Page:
As we've had to postpone our travels because of the pandemic, I believe a weekly dose of travel dreaming can be good medicine. Here's a reminder of the fun that awaits us in Europe at the other end of this crisis.
While it's a temptation for a travel writer to overuse the word "quaint," I save it for Britain's Cotswolds, a gentle, hilly region two hours northwest of London. By "quaint," I don't mean just thatched cottages and charming teahouses. There's a quirkiness here, too — a time-passed, impoverished-nobility, clueless-aristocracy, provincial-naivety of the region — that charms me to no end. For example, I love how chatty locals, while ever so polite, commonly rescue themselves from a gossipy tangent by saying, "It's all so very…ummm…yaaa."
The Cotswolds are crisscrossed with hedgerows, dotted with storybook villages, and sprinkled with sheep. Made rich by the wool trade, then mothballed by a crash in that same industry, the Cotswolds today is newly prosperous for its popularity with tourists.
Famous towns such as Stow-on-the-Wold, Bourton-on-the-Water, and Chipping Campden are on most tourists' lists, and for good reason. But a short stop in one or two less-touristed corners lets you peek behind the curtain of cuteness. Northleach, south of Stow-on-the-Wold, is my favorite of the Cotswolds' relatively untouched villages. Officials made sure the main road didn't pass through town back in the 1980s, and today it's practically invisible to mass tourism...and I like it that way.
While the town's impressive main square and church attest to its position as a major wool center in the Middle Ages, Northleach mostly consists of a main street leading to a fine old square facing a glorious church.
A bit to the north, the tiny villages of Stanway, Stanton, and Snowshill are as sweet as marshmallows in hot chocolate, nestling side by side just west of the main Cotswolds hubs — and each comes spiced with eccentric characters and odd bits of history.
Stanway, while not much of a village, is notable for its venerable manor house. The Earl of Wemyss, whose family tree charts relatives back to 1202, occasionally opens his melancholy home to visitors. It feels like a time warp — musty and threadbare — even though the earl still lives here with his wife.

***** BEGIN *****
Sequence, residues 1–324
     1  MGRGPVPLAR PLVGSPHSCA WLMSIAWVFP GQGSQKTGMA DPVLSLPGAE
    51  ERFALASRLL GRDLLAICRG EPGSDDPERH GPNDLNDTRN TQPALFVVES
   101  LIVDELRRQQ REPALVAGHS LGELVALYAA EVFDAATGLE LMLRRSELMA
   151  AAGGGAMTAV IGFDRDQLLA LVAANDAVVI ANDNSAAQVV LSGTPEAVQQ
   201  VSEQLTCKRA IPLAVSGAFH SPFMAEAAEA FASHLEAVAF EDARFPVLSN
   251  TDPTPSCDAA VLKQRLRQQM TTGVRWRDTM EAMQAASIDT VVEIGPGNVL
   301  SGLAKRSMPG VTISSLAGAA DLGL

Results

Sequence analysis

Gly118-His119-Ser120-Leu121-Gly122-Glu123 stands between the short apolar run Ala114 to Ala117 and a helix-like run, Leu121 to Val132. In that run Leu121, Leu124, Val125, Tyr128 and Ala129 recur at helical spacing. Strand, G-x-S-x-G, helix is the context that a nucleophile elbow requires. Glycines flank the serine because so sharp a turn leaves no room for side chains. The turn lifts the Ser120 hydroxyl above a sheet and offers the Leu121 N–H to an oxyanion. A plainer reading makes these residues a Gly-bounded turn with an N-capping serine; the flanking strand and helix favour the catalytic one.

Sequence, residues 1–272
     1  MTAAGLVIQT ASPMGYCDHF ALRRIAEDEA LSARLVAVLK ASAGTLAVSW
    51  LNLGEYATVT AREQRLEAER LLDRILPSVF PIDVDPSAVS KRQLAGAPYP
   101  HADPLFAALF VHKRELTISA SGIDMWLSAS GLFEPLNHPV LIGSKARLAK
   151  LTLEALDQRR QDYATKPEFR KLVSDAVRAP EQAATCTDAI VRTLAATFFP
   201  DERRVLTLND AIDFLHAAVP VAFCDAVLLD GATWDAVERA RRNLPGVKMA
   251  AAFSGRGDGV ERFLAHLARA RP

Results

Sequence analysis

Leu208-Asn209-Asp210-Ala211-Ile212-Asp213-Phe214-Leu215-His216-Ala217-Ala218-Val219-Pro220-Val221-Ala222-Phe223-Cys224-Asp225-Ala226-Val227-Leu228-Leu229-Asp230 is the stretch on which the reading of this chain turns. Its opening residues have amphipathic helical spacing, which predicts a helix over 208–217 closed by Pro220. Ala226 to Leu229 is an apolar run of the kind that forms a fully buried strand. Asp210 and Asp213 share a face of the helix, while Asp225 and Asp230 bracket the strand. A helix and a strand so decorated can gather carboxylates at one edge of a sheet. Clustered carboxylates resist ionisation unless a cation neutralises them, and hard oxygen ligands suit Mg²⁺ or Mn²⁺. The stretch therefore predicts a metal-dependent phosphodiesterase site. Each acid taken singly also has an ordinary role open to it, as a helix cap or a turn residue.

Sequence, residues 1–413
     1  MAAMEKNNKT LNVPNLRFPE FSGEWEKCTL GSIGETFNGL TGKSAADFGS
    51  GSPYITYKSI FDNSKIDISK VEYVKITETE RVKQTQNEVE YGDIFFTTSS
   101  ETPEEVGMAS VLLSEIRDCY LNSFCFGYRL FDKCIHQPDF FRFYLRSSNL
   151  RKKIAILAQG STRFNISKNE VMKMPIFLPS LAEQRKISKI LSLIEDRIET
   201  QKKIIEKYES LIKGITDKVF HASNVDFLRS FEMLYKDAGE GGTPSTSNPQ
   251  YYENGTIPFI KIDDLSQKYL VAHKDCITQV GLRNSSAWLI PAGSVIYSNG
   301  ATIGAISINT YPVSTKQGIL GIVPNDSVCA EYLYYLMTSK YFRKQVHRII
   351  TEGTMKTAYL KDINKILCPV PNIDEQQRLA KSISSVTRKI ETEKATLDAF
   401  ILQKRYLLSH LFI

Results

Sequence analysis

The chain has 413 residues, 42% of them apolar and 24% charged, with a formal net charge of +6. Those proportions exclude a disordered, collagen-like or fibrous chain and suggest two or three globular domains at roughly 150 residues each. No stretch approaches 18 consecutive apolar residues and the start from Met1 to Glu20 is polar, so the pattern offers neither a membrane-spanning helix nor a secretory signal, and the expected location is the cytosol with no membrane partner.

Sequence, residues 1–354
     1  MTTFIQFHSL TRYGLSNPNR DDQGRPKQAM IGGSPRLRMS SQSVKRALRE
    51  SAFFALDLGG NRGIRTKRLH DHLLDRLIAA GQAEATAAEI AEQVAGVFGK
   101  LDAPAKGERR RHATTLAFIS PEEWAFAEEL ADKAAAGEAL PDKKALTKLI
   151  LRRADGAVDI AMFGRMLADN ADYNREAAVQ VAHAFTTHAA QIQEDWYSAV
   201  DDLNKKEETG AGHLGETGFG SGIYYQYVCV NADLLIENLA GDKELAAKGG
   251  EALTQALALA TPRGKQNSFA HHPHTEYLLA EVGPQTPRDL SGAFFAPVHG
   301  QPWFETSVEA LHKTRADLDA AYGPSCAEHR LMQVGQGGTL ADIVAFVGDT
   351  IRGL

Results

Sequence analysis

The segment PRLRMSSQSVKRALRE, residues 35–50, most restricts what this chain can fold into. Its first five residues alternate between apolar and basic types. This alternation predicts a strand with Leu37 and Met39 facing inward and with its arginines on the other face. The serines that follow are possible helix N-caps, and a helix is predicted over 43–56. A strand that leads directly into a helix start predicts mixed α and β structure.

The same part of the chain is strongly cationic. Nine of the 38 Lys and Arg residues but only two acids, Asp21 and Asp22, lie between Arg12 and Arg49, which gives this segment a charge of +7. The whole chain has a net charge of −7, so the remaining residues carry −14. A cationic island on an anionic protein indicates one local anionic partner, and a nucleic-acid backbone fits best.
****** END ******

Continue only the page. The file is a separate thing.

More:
The manor dogs have their own cutely painted "family tree," but the Earl of Wemyss admits that his last dog, C.J., was "all character and no breeding." In the great hall, when I marveled at the 1780 Chippendale exercise chair, the earl surprised me. Jumping up onto the tall leather-encased spring, and with the help of the high armrests, he began bouncing. A bit out of breath, he explained, "In grandmama's time, half an hour of bouncing on this was considered good for the liver."
The earl's house has a story to tell. And so do the docents stationed in each room — modern-day peasants who, even without family trees, probably have relatives in this village going back just as far as their earl's. If you probe cleverly, talking to these people gives a rare insight into a quirky slice of England.
The sister villages of Stanway and Stanton are separated by a great oak forest and grazing land with parallel waves actually echoing the furrows plowed by medieval farmers. It's my selfish tradition here to let someone else drive so I can hang out the window, enjoying a windy flurry of stone walls and sheep all under a canopy of ancient oaks.
In Stanton, it seems flowers trumpet, door knockers shine, and slate shingles clap. It's as if a rooting section is cheering me up the town's main street. The church, which dates back to the ninth century, however, betrays a pagan past. Stanton is at the intersection of two lines (called ley lines, which some new-age types consider a source of special power) connecting prehistoric sights. Many churches such as Stanton's were built on pagan holy ground and are generally dedicated to St. Michael — the Christian antidote to pagan mischief. Michael's well-worn figure, looking down at me from above the door, seems to say, "It's all clear now — good Christians may enter." Inside, carved into the capitals in the nave, are pagan symbols for the moon and the sun. But it's "son" worship that's long established here, and the list of rectors goes back to 1269. Sitting in the back pew, fingering grooves worn by sheepdog leashes into the wooden posts, I'm reminded that it was wool money that built this church (at a time when a man's sheepdog accompanied him everywhere).
Snowshill, another nearly edible little bundle of cuteness, has a photogenic triangular square. On one corner stands Snowshill Manor. This dark, mysterious old palace is filled with the lifetime collection of the long-gone Charles Paget Wade. It is one big musty celebration of craftsmanship, from finely carved spinning wheels to frightening samurai armor to tiny elaborate figurines carved by long-forgotten prisoners from the bones of meat served at dinner. Taking seriously his family motto, "Let Nothing Perish," Wade dedicated his life and fortune to preserving things finely crafted. The house (whose management made me promise not to promote it as an eccentric collector's pile of curiosities) really shows off Mr. Wade's ability to recognize and acquire fine examples of craftsmanship. It's all so very…mmm…yaaa.